Rethinking data architectures for a cloud world

An open, services-oriented approach has clear advantages for building modular and scalable applications. We should take the same approach to our data.

Rethinking data architectures for a cloud world
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Data analytics solutions are continuing to emerge at a fast and furious rate. Data teams are at the center of the storm because they have to balance all the demands for access, data integrity, security, and proper governance, which entails compliance with policies and regulations. The businesses they serve need information as quickly as possible and have little patience for that precarious balancing act. The data teams have to move fast and smart.

They also have to be fortune tellers because they need to build not just the systems for today, but also the platforms for tomorrow. The first key question the data team must consider is: open or closed data architectures.

Open vs. closed data architecture

Let’s start with the phrase “data architectures.” If I were to show you an architecture diagram from any enterprise over the last 50 years, odds are that their labels for data would in fact be labels representing databases—not the data itself, but the engines that act upon the data. Names here are familiar, both old and new: Oracle, DB2, SQL Server, Teradata, Exadata, Snowflake, etc. These are all databases into which you load your datasets for either operational or analytical purposes, and they are the foundations of the “data architecture.”

By definition, those databases are what we would call “closed data architectures.” That’s not a value statement; it’s a descriptive one. It means that the data itself is closed off from other applications and must be accessed through the database engine. This is true even for moving data around with ETL jobs because at some point, to do the export or the import, you need to go through the database, whether that’s the optimal way to achieve what you want to do or not. The data is “closed” off from the rest of the architecture in this important sense.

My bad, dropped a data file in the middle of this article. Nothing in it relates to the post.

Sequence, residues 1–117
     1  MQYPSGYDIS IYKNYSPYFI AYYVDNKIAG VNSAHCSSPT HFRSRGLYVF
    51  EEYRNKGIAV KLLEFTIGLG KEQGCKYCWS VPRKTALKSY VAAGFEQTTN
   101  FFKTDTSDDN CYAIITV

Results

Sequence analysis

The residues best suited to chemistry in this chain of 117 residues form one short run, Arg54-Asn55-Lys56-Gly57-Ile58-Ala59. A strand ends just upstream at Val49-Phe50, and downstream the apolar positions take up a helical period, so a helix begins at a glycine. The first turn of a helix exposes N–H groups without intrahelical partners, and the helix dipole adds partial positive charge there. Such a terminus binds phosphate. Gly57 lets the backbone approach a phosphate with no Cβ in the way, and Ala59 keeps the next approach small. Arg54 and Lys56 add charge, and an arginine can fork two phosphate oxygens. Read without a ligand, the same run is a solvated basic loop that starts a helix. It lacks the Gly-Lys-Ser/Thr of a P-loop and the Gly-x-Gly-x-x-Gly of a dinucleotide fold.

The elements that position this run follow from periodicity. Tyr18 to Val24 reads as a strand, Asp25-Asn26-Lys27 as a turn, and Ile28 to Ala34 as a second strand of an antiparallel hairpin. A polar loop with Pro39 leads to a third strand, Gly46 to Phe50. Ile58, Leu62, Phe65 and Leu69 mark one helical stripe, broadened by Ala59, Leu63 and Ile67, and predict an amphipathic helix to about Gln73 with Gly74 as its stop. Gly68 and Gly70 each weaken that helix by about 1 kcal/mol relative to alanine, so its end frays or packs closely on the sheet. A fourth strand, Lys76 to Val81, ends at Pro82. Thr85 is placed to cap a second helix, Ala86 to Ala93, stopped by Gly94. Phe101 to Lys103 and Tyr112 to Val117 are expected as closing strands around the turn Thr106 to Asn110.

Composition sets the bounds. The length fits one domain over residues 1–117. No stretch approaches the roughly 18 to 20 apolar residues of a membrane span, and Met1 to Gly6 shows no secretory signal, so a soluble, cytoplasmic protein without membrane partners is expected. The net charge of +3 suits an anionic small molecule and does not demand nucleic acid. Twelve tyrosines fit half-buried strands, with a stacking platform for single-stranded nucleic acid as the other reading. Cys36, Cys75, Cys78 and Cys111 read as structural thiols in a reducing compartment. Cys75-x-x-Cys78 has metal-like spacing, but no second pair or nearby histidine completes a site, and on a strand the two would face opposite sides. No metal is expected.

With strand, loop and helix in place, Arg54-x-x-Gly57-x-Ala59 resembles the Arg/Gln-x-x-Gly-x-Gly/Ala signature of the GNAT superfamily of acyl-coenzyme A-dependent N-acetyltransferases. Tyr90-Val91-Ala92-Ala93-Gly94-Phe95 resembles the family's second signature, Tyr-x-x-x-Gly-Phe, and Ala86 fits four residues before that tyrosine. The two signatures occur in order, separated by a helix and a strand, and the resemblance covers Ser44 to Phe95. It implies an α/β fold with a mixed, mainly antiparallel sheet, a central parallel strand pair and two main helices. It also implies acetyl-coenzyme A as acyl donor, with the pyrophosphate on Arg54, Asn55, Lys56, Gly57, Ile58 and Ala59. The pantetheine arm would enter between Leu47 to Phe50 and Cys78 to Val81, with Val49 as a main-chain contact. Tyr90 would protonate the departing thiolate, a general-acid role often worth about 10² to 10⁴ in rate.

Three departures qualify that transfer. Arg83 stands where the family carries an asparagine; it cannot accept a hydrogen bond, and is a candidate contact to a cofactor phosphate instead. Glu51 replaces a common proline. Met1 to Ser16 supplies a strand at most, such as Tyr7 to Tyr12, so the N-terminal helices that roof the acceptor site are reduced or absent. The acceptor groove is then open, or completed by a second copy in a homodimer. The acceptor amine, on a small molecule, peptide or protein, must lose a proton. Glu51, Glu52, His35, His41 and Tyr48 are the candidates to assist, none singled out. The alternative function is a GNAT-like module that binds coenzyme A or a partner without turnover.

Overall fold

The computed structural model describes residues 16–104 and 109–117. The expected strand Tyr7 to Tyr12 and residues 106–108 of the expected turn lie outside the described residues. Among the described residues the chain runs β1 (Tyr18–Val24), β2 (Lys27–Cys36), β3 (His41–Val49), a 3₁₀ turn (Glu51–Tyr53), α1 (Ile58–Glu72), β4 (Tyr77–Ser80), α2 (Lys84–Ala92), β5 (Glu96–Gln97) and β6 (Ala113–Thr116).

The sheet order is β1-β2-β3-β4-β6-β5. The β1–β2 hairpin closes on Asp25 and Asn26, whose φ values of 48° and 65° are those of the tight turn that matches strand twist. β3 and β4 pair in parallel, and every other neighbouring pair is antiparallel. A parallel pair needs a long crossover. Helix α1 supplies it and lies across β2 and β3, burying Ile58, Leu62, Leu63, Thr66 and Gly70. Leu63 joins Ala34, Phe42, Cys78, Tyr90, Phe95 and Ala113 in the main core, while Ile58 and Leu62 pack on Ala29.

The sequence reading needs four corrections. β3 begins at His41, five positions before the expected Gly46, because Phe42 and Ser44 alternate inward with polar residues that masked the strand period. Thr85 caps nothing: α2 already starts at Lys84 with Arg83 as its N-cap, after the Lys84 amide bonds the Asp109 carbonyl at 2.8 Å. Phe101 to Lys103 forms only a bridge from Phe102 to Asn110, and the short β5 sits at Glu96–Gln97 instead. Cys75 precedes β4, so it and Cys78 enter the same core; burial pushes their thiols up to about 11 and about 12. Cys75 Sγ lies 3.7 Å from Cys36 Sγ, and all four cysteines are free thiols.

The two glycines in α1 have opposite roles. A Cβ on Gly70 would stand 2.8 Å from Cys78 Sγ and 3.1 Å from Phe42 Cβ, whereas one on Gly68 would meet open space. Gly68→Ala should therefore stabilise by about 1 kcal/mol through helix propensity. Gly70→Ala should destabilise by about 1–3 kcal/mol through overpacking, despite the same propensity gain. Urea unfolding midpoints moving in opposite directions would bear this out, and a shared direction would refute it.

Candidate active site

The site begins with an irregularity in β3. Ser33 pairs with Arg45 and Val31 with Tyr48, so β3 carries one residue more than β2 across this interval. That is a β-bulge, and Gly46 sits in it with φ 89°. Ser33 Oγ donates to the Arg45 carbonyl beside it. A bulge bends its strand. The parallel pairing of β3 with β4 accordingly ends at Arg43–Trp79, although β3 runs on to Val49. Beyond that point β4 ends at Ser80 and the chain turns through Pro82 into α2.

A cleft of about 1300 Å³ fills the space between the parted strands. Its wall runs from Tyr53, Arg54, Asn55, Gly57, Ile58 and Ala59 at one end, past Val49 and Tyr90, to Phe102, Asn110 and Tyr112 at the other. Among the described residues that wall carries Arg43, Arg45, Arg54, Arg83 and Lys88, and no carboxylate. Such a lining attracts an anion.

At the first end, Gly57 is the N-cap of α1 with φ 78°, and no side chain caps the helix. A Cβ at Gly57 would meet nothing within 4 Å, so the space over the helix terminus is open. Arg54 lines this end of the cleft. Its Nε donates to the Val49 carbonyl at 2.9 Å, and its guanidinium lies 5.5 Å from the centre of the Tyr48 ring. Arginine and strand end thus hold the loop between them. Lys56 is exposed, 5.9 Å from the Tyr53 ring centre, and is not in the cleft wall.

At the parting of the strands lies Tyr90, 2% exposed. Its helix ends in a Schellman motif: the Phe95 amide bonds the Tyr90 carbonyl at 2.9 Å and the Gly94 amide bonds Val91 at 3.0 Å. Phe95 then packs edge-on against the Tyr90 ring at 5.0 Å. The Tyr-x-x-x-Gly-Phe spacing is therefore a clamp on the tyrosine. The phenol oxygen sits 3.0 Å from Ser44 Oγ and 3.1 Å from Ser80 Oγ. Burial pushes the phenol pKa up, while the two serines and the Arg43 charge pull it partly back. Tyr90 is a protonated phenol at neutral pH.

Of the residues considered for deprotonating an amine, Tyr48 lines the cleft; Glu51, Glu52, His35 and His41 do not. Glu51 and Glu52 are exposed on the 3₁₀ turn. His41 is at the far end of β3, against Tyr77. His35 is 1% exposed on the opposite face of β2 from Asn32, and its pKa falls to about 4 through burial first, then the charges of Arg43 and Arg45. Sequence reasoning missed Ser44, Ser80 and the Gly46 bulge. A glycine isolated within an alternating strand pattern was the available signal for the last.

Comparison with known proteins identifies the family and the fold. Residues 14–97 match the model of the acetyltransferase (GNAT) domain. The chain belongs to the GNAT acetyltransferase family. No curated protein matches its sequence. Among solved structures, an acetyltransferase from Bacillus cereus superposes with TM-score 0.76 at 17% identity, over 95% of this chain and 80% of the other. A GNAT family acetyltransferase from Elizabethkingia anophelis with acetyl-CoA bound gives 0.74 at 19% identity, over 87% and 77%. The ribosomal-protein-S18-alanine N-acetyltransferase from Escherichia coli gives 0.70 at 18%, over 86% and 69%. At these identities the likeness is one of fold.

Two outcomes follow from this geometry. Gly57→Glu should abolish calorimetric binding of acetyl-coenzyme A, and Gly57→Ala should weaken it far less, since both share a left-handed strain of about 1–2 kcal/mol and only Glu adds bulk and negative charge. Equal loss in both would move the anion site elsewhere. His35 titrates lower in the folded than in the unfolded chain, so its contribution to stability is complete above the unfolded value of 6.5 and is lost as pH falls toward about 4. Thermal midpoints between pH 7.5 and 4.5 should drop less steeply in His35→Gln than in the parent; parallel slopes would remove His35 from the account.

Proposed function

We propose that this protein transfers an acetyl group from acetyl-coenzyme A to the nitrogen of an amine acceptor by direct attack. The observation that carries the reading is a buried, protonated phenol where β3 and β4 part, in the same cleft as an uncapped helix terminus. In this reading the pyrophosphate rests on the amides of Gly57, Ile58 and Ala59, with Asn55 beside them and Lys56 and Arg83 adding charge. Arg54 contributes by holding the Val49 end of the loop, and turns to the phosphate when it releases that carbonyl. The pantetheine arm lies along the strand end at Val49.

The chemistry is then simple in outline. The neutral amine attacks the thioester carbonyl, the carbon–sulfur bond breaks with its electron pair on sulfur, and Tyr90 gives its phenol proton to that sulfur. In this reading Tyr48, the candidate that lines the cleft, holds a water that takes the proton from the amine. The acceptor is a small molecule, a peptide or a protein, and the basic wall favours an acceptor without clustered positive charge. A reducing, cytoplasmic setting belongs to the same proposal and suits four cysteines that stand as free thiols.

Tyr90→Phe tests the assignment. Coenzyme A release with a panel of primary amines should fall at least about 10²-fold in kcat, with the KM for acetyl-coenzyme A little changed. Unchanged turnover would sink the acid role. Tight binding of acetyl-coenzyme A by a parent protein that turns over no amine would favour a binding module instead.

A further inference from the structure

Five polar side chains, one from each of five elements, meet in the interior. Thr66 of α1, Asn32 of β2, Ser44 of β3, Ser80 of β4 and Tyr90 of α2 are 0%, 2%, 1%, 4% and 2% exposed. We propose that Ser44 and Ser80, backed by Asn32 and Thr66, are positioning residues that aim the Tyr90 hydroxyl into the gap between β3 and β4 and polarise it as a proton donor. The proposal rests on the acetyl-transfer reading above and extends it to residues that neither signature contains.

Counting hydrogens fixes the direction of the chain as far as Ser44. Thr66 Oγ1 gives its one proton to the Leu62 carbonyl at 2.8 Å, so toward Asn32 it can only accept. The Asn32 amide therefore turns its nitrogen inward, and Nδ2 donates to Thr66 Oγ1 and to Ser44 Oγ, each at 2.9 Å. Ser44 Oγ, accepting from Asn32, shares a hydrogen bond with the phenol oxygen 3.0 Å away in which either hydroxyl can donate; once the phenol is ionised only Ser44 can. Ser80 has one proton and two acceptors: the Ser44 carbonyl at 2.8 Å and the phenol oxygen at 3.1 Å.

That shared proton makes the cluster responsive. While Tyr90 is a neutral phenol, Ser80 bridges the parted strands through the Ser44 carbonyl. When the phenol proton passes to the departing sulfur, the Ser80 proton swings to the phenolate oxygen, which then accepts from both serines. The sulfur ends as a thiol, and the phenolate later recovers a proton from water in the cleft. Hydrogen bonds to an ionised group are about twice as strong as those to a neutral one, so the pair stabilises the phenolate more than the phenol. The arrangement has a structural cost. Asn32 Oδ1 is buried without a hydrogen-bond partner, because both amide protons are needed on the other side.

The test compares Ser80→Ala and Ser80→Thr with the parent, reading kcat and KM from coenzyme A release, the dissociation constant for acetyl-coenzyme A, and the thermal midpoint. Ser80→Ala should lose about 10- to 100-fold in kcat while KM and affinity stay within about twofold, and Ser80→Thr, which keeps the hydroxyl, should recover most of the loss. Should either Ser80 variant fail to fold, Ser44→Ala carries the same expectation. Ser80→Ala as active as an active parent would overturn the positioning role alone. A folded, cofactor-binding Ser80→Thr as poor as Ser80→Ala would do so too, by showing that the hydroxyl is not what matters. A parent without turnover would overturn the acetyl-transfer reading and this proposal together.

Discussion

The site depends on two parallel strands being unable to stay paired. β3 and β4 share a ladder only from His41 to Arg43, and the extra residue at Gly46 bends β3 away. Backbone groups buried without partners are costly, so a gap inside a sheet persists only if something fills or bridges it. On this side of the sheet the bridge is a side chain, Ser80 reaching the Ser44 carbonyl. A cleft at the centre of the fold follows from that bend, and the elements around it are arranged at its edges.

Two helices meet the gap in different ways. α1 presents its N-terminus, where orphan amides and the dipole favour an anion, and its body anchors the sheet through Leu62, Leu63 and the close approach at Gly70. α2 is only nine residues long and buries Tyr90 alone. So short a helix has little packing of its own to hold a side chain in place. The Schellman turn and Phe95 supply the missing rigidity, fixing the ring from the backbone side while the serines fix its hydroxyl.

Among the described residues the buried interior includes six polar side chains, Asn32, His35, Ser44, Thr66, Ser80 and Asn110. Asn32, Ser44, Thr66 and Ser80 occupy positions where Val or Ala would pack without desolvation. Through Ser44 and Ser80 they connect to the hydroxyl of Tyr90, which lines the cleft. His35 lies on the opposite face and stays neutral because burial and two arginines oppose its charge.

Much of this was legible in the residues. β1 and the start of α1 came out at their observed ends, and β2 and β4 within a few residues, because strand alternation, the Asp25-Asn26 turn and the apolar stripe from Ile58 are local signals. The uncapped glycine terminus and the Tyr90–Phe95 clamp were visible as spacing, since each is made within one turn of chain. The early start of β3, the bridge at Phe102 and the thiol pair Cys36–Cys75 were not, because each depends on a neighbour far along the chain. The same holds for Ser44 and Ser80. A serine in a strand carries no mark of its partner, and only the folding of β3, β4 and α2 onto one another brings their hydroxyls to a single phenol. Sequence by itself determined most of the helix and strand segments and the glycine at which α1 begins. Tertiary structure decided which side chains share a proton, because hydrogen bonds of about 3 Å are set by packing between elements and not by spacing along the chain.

In contrast, an “open data architecture” is one that stores the data in its own independent tier within the architecture, which allows different best-of-breed engines to be used for an organization’s variety of analytic needs. That’s important because there’s never been a silver bullet when it comes to analytic processing needs, and there likely never will be. An open architecture puts you in an ideal position to be able to use whatever best-of-breed services exist today or in the future.

To summarize: A closed data architecture brings the data to a database engine, and an open data architecture brings the database engine to the data.

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An easy way to test if you’re dealing with an open architecture is to consider how hard it would be in the future to adopt a new engine. Will you be able to run the new engine side by side with an existing one (on the same data), or will a wholesale (and likely impractical) migration be required?

Note at this point, we’ve touched on a critical aspect of “open” that has nothing to do with open source. Step one is deciding that you want your data open and available to any services that wish to take advantage of it, and that brings us to open in a cloud world.

Open, services-oriented data architecture

When applications moved from client-server to web, the fundamental architecture changed. We went from monolithic applications that ran in one process, to services-oriented applications that were broken into smaller, more specialized software services. Eventually, these became known as “microservices” and they remain the dominant design for web and mobile applications. The microservices approach held many advantages that were realized due to the nature of cloud infrastructure. In a scale-out system with on-demand resource models and numerous teams working on pieces of functionality, the “application” became nothing more than a facade for dozens or hundreds of microservices.

Everyone agrees that this approach has many advantages for building modular and scalable applications. For some reason, we’re expected to believe that this paradigm isn’t nearly as effective for data. At Dremio, we believe that’s inaccurate. We believe the logic of looking at our data in the same open, services-oriented manner as our applications is intuitively obvious and desirable. On a practical and strategic level, an open, services-oriented data architecture just makes sense.